There are plenty of brokers, plenty of advisors, quite keen to take your money off you and introduce you to Bitcoin. My advice, is to go for one of the established players like Coinbase. 

And what investment tips would you pass on?

There's two ways you can do your research on buying and selling… Because obviously you want to buy when it's low and sell when it's high. 
You can look in terms of past performance, this is called chartism. Some people think they can pick out patterns. They look at the LIDAR and see it never goes above a certain point or when it gets to a point it bounces up. As I've said, that's less reliable in crypto, and I've not met too many people who think there are patterns in crypto behaviour. But some say there are. 

The next way of doing it is something called fundamental analysis where we look at the underlying factors that might determine prices up or prices down. The best way to do this is to get what is sometimes called a level two account, where you can get an idea of what the volume of trading is at any one time. So, if you've noticed that the volume of trading is building up, that may suggest it’s a good time to buy as people are anticipating the price is going to go up. Similarly, if the volume seems to be trending down, that may indicate that buyers are thinking there's going to be a crash or they're starting to sell or reduce their volume. 

And then you can look at some of the economic fundamentals that might increase supply and increase demand. Look at developments within the coin itself, any new developments in Bitcoin, any new developments in blockchain improvements. geopolitical factors like China outlawing, for example, Regulation… Currently it is regulatory light but the more regulations that we see, if we have some sort of international protocol, or bitcoin trading or crypto trading, then that could actually take the price down a little bit.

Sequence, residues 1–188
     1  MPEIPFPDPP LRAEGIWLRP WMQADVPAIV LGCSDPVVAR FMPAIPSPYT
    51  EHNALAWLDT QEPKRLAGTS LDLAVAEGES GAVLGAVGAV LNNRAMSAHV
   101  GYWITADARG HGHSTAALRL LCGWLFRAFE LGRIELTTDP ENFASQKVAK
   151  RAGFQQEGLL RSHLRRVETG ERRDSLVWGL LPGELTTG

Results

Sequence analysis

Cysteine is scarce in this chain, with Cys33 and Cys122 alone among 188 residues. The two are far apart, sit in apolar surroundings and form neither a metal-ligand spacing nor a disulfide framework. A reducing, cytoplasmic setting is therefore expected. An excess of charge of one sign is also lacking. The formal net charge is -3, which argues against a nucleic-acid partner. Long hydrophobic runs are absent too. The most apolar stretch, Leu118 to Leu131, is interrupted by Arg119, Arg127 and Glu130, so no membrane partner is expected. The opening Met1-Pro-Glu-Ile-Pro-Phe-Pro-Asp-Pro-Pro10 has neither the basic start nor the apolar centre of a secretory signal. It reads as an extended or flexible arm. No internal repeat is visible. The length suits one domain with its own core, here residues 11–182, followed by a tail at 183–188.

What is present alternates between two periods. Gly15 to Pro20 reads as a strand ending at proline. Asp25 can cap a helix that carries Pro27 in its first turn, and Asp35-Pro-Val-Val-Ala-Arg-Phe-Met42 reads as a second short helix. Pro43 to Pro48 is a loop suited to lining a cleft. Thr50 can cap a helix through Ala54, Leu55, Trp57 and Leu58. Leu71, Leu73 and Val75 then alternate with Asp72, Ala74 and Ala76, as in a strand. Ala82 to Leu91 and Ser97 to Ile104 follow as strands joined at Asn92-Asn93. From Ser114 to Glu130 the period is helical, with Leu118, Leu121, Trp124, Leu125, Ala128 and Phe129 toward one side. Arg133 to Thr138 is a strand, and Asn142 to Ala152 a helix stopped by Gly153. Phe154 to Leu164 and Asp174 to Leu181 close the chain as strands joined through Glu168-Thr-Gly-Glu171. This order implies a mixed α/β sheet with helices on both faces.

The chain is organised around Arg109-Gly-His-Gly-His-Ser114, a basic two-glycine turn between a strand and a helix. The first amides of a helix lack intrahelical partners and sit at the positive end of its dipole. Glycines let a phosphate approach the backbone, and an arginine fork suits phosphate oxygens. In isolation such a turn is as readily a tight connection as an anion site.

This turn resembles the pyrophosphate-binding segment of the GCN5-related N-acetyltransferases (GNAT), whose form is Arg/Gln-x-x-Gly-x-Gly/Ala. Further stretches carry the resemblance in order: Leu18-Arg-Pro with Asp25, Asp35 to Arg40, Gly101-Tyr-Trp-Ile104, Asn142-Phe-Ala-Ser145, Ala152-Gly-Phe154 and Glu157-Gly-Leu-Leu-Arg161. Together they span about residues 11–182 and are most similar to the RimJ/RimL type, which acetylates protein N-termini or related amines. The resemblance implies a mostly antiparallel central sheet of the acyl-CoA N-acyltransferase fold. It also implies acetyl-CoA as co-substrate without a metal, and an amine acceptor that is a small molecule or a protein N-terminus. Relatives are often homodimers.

How else can students make money out of the blockchain?

Any entrepreneurial students who think they could benefit a lot from the blockchain simply need to identify a process of industry, one where there are lots of transactions that need to be stored and people need access to those records on a fairly regular basis. 

So, the ones that have been done include land registry. Now, in our own particular industry, there's a real opportunity for people to make money, with storing certificates that need digitising? Have you ever lost a certificate for an exam or something like that? 

Food provenance? Some people are worried about where their food comes, so if you could look at the blockchain to see exactly where the food came from, and what the process of manufacture was. 

There are plenty of opportunities for people to make money out of blockchain outside of coins.